Take a closer look around you!

One of my big interests with photography is macro. For those who don't know what this is I'll explain. 

Macro photography is all about capturing images of very small things and you don't have to look far to find interesting things. The world around us looks very different when you get up close and it can be like exploring a whole new planet once you start to look.

For the photographer there are several ways of exploring this world and the costs vary. If you are just wanting to dabble in this area you can buy extension tubes which work with all your lenses. These tubes have no glass in them and just act as a spacer between camera and lens. The increase in distance between the lens and the camera sensor makes it possible to focus on objects at a much shorter distance.

The next option is to buy close-up filters. These are glass filters that screw onto the front of your lens. The disadvantage is that different lenses have different diameter front elements so you either need to buy filters for each lens or buy the largest you can get and then buy step up rings. This is a good system but the quality may not be fantastic. After all you are putting a cheap piece of glass in front of a possible expensive lens. To me its just like taking photographs through a window.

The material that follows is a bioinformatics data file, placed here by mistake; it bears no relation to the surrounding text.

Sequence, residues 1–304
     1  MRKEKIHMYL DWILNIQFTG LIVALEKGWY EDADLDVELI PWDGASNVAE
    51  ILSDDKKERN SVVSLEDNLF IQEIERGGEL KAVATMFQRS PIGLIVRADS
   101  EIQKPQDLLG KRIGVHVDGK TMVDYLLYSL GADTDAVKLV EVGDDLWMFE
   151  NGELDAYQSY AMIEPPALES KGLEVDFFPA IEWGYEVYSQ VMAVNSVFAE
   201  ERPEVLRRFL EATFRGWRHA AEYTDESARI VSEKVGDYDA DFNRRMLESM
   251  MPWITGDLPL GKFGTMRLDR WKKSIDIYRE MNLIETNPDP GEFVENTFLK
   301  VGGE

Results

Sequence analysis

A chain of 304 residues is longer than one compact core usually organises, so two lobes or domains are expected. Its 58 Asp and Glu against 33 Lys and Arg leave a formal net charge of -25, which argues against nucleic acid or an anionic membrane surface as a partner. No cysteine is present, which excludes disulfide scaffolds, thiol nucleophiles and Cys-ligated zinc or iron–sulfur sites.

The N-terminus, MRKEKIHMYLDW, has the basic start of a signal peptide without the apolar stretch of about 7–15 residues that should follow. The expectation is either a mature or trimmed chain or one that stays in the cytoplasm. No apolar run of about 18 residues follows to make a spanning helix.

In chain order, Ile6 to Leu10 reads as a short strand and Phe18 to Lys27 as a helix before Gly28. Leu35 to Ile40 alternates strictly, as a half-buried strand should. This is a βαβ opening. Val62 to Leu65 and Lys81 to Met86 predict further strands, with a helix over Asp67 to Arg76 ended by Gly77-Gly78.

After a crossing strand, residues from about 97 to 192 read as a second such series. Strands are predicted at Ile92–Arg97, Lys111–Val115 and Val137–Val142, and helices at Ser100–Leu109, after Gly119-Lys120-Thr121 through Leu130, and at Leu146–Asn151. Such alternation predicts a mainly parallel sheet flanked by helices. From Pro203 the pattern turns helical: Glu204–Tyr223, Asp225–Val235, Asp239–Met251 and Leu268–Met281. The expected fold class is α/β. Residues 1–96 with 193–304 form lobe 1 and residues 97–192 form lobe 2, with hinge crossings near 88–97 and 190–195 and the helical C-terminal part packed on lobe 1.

The final and best option is a dedicated macro lens. The downside is that this is the most expensive option but if you are going to be doing a lot of macro photography it is well worth the investment. Of course, a macro lens is not just for macro photography it is also a good prime lens. Just in case you don't know a prime lens has a fixed focal length, no zoom. They are often much sharper than a zoom lens but of course you are working with a fixed focal length.

Although you can achieve stunning results with all of these techniques macro photography is by no means easy. Working so close to your subject can cause you all sorts of problems with depth of field as the closer you get the shallower it becomes. The main problem is capturing enough light to maintain fast shutter speeds. Of course this doesn't matter if you are using a tripod. 

The shot below of a dandelion clock was taken using a dedicated macro lens, a Sigma 105mm. I actually used a close-up filter in combination with the macro lens which is something I don't usually do. On this occasion I just wanted to be able to focus at a slightly shorter distance.

I hope this post is useful and if you have any questions you can always contact me and I'll help if I can.